Suppose that in our country we import woolen sweaters from country A, and the sweaters sell for $25.
The local sweater industry petitions the government to impose, say, a $5 tariff (duty) on the imported sweaters. They argue that they cannot produce woolen sweaters for $25 and need this tariff in order to compete with country A. So, the government imposes a tariff.
As a result, the local sweater industry is able to employ many people. However, the consumers now pay $30 for the same quality sweater. The consumers no longer have that $5 to spend on other things. Thus the local sweater industry thrives, but a hundred other industries shrink.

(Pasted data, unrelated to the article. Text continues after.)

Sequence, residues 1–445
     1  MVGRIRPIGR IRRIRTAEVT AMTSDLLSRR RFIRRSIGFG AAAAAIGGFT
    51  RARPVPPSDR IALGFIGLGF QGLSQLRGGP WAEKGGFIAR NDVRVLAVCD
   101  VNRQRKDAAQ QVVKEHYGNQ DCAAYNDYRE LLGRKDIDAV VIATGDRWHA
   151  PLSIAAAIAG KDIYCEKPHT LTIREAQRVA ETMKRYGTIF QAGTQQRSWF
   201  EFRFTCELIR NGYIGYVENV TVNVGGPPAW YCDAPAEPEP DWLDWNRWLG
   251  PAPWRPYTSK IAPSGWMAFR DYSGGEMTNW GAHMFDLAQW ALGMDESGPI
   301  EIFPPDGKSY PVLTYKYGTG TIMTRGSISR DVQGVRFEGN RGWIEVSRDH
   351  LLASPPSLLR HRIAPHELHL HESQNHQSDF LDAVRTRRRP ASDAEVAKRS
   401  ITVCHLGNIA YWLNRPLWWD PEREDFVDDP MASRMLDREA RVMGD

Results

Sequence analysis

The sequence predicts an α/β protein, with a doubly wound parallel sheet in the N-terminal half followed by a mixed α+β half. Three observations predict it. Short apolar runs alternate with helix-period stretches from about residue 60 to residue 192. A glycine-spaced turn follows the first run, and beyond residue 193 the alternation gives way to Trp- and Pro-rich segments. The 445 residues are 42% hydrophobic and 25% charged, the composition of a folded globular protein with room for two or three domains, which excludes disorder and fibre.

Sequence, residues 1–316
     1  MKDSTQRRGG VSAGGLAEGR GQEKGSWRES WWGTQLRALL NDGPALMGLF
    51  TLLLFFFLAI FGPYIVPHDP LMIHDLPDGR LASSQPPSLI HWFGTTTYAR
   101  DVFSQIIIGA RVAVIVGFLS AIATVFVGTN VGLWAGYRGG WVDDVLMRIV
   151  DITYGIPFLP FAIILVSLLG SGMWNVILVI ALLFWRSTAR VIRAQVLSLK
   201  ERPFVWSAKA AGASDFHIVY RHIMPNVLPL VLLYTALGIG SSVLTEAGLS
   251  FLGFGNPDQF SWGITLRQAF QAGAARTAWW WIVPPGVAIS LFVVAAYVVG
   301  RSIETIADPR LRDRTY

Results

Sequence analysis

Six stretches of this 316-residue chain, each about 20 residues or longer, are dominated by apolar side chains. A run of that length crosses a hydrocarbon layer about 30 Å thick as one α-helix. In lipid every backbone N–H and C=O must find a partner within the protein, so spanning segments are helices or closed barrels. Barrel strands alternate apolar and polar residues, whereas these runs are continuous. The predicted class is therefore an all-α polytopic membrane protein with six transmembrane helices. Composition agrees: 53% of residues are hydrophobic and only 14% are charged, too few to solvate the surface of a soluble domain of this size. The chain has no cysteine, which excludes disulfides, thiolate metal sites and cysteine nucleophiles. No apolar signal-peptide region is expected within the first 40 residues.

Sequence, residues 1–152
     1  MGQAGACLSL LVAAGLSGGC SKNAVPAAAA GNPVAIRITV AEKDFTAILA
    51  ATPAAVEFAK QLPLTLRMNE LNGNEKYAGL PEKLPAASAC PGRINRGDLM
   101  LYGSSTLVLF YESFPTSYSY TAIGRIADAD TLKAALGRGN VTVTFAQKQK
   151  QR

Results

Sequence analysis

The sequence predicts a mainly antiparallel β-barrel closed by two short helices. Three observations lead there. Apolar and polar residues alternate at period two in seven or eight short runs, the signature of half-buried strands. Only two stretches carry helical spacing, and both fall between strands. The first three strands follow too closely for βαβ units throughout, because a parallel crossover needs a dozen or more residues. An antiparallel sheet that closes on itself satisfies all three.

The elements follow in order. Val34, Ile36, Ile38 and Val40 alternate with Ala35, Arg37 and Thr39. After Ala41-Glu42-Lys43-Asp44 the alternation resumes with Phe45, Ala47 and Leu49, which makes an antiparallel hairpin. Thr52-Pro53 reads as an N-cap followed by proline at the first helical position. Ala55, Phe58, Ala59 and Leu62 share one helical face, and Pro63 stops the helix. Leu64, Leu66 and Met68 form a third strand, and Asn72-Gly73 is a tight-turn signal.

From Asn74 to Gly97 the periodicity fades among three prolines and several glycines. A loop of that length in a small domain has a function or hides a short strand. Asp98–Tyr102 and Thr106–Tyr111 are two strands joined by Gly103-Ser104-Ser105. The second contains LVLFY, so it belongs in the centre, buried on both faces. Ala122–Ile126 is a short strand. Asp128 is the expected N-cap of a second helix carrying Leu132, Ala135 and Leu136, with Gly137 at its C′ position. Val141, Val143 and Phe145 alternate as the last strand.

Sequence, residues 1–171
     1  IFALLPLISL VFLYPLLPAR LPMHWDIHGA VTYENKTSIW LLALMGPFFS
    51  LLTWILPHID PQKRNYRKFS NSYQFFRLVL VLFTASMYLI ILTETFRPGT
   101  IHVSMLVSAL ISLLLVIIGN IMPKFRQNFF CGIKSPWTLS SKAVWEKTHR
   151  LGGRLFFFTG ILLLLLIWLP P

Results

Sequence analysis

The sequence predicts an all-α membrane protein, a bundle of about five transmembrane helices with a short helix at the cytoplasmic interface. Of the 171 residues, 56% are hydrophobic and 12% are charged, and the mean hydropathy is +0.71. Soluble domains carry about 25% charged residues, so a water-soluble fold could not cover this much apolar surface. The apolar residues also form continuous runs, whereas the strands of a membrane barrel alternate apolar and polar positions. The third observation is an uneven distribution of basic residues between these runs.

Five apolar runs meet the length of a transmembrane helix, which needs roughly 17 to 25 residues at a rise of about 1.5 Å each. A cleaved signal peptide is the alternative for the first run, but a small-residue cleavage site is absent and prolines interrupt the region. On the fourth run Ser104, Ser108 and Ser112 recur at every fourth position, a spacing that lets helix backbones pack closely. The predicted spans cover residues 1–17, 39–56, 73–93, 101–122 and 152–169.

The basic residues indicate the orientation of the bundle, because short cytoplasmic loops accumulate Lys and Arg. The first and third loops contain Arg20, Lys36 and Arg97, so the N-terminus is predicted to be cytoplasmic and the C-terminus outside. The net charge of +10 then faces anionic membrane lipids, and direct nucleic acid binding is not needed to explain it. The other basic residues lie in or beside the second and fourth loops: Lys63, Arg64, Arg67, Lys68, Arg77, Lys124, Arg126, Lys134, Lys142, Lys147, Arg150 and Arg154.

You can see the sweater employees going to and from the factory each day, and you think, “The tariff was a good idea, it has given employment to people in our country.” But you don’t see the hundred other industries that have shrunk and all the lost jobs from that.
— Extracted from Economics in One Lesson by Henry Hazlitt
We see this cognitive error recurring over and over: humans focusing on what they can immediately see, and failing to consider those things that are not immediately or easily visible. See Cognitive error: acting on only what is immediately visible